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>> what a favorite he was. >> we spoke of it briefly. we were interviewing robert carow. he did not know it. we talked about nick catsenback and 90 years old, really shaped our lives. >> june 1963. he pushed with the help of the national guards leader down there in birmingham, pushed the governor out of the way. and integrated vivian malone, the sister of sharon malone who is now the wife of the attorney general. who says we aren't making progress? >> and six degrees of separation and also of course, jack kennedy. elusive hero. what a great father's day present or mother's day present. >> and his birthday is coming up. he would be 95 this month. jack kennedy. >> and be sure to watch chris, of course. chris matthews on "hardball" right here at 7:00 on msnbc. what political stories will be headlines? thy way
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try it. tell us what you think about it on facebook. easy label, right? but that label can lead to prejudice and discrimination, and we don't want to go there. so let's try to see people for who they really are. you can help create a more united states. the more you know.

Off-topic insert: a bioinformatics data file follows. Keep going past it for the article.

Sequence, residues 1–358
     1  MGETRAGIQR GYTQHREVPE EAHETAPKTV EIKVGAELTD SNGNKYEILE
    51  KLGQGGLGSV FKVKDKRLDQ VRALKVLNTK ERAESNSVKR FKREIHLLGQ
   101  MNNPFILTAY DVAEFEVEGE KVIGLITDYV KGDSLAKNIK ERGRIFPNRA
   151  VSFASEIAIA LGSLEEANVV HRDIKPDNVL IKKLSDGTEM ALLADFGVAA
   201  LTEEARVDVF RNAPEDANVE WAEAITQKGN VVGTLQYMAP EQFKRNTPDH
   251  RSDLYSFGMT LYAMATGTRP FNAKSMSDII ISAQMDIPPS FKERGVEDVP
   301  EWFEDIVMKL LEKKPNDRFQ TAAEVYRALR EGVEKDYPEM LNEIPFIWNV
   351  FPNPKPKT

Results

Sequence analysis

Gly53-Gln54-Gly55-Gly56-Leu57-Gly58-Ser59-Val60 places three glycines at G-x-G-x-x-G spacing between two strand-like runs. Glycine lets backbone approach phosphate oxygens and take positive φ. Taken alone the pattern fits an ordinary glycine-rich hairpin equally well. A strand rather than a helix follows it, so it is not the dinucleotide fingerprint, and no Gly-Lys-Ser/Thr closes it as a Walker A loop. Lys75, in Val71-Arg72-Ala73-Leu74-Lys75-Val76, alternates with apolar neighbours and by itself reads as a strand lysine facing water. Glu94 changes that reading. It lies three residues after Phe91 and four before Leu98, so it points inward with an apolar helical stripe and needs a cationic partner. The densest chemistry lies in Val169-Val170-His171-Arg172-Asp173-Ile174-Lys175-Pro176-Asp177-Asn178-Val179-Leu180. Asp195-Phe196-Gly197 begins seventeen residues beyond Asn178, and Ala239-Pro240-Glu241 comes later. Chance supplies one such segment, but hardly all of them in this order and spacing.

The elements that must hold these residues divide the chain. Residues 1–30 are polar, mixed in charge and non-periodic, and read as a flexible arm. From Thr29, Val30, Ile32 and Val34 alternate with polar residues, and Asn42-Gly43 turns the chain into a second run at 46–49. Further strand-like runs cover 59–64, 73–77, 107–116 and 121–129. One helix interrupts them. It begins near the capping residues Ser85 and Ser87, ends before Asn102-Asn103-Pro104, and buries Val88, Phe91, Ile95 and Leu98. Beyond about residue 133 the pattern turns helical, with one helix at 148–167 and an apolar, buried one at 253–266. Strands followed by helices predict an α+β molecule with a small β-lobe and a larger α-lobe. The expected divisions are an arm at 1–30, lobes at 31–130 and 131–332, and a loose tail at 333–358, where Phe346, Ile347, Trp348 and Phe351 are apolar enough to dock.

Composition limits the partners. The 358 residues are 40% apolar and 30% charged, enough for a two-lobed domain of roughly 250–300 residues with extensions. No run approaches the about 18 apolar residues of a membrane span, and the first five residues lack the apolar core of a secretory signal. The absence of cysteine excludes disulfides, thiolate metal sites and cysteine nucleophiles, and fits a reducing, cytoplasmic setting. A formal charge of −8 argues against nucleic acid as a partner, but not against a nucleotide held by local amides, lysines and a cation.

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which political story will make headlines in the next 24 hours? jonathan capehart with the "washington post," what a week. and the week ahead will include these commencement speeches. arnie duncan will give the speech at howard and it was arnie duncan on morning joe here on monday who answered the question honestly, when mark halpern asked him about gay marriage and that set the rest of the ball rolling. we have a lot of speeches coming up. >> as you mentioned, arnie duncan speaking at howard university tomorrow. mitt romney is speaking at liberty university in virginia. michelle obama, the first lady, is speaking in greensboro. condi rice is speaking at southern methodist university and of course, president obama will be giving the commencement address at barnard college alongside the person for freedom to marry.